Better infrastructure through types

Extending Syntax in Scala

Yesterday I learned something really cool. In Idris I can just do this to extend the syntax:

syntax [ma] "?" [a] = fromMaybe a ma

where fromMaybe is from the Prelude.Maybe module which has the type signature: fromMaybe : Lazy a -> Maybe a -> a so now I can do:

idris> (Just 88) ? 77
88 : Integer

idris> Nothing ? 77
77 : Integer

So today we will see how much of a challenge it will be to do this in Scala.

Hint: It might be a little more work, but doable.

Setup

We will start out defining the sum type Maybe with data constructors Nowt (same as Nothing in Idris) and Just which wraps an underlying A value.

scala> sealed abstract class Maybe[A]
defined class Maybe

scala> case class Just[A](a: A) extends Maybe[A]
defined class Just

scala> case class Nowt[A]() extends Maybe[A]
defined class Nowt

Now we just have to define the fromMaybe[A] decorator. We can do this in the companion object:

scala> object Maybe {
     |   def fromMaybe[A](a: A)(ma: Maybe[A]): A = ma match {
     |     case Just(x) => x
     |     case Nowt() => a
     |   }
     | }
defined object Maybe
warning: previously defined class Maybe is not a companion to object Maybe.
Companions must be defined together; you may wish to use :paste mode for this.

Now we have what was already provided by Idris in the Prelude, therefore so far, we have been setting up our Scala code to mimick what we had in Idris. (Note: we could have also used Option[A] and related getOrElse method instead of the above).

scala> object Maybe { self => /* Note: newly added reference to outer object */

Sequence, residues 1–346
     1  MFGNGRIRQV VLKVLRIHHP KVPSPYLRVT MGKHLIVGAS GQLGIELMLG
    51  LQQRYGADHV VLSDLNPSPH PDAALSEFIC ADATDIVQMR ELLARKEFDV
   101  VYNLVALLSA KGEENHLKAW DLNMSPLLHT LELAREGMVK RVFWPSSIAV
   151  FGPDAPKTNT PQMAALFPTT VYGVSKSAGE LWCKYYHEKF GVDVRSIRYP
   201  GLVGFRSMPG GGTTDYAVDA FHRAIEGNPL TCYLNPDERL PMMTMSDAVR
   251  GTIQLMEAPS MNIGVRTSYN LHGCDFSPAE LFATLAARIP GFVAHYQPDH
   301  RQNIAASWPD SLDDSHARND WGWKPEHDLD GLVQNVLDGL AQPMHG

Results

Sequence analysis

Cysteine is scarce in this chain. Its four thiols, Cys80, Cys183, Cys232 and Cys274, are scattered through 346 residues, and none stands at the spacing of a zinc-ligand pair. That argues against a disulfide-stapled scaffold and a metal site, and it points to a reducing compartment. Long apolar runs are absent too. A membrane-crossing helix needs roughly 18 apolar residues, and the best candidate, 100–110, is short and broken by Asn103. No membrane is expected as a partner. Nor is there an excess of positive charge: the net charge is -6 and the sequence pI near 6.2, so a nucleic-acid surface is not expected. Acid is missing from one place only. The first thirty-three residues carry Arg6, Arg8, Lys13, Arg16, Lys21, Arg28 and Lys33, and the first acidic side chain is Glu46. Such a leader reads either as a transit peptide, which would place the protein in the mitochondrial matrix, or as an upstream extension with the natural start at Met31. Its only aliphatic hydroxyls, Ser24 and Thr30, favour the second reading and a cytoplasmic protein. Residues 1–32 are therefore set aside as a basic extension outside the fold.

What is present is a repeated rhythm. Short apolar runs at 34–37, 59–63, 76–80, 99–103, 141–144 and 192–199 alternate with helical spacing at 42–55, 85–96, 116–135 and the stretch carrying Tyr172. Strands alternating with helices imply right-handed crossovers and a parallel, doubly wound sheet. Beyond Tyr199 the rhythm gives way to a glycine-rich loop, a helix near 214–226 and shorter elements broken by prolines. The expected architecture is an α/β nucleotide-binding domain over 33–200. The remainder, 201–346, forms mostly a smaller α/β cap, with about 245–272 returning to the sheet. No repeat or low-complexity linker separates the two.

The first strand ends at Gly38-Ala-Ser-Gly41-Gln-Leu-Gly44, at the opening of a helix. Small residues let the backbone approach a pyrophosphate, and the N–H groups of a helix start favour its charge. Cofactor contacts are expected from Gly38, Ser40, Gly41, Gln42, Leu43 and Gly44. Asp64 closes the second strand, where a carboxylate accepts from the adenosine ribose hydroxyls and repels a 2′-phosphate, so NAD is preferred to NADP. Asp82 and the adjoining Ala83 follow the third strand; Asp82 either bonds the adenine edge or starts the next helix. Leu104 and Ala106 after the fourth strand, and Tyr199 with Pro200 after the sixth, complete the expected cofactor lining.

|   def fromMaybe[A](a: A)(ma: Maybe[A]): A = ma match {
     |     case Just(x) => x
     |     case Nowt() => a
     |   }
     | 
     |   /* Helpers for value construction */
     |   def apply[A](a: A): Maybe[A] = if (a == null) Nowt() else Just(a)
     |   def nowt[A]: Maybe[A] = Nowt()
     |   def just[A](a: A) = Maybe(a)
     | 
     |   /* Newly added code */
     |   implicit class MaybeOps[A](val ma: Maybe[A]) extends AnyVal {
     |     def ?(a: A): A = self.fromMaybe(a)(ma)
     |   }
     | }
defined object Maybe
warning: previously defined class Maybe is not a companion to object Maybe.
Companions must be defined together; you may wish to use :paste mode for this.

Now we can test that we can use the new syntax (? operator) the way we want:

scala> object Main extends App {
     |   import Maybe._
     | 
     |   val mint1 = just(30)
     |   val mint2 = nowt[Int]
     | 
     |   println(mint1 ? 60)
     |   println(mint2 ? 60)
     | }
defined object Main

scala> Main.main(Array.empty[String])
30
60

We added decoration method ? to Maybe[A] values by importing the companion object implicit value class MaybeOps[A] definition into scope.

To recap we only need to add the following code to provide the syntax within the companion object:

  implicit class MaybeOps[A](val ma: Maybe[A]) extends AnyVal {
    def ?(a: A): A = self.fromMaybe(a)(ma)
  }

On the consuming side we just need to import the top-level companion object content into scope like so:

  import Maybe._

For bonus points, we added a couple of smart value constructors in the companion object:

scala>   def apply[A](a: A): Maybe[A] = if (a == null) Nowt() else Just(a)
apply: [A](a: A)Maybe[A]

scala>   def nowt[A]: Maybe[A] = Nowt()
nowt: [A]=> Maybe[A]

scala>   def just[A](a: A) = Maybe(a)
just: [A](a: A)Maybe[A]

This makes consuming code for constructing Maybe[A] values simpler with appropriate type inference (i.e. we want Maybe[A] to always be inferred not Just[A] or Nowt[A]).

If we had not added these value constructors or not used them we would have this problem on our hands:

scala>   val mint1 = Just(30)
mint1: Just[Int] = Just(30)

scala>   val mint2 = Nowt[Int]
mint2: Nowt[Int] = Nowt()

Look at the types inferred by Scala. In some scenarios, this might give you problems.

Review

Scala provides a way to extend syntax in a few different ways. Above we showed one way where we can still uphold the level of typesafety that our API requires yet still offer some level of syntax/operator decoration or addition.

How could you effectively enhance your operations management libraries with the technique outlined above?

Blog post sponsored by Referential Labs, and written by Susan Potter.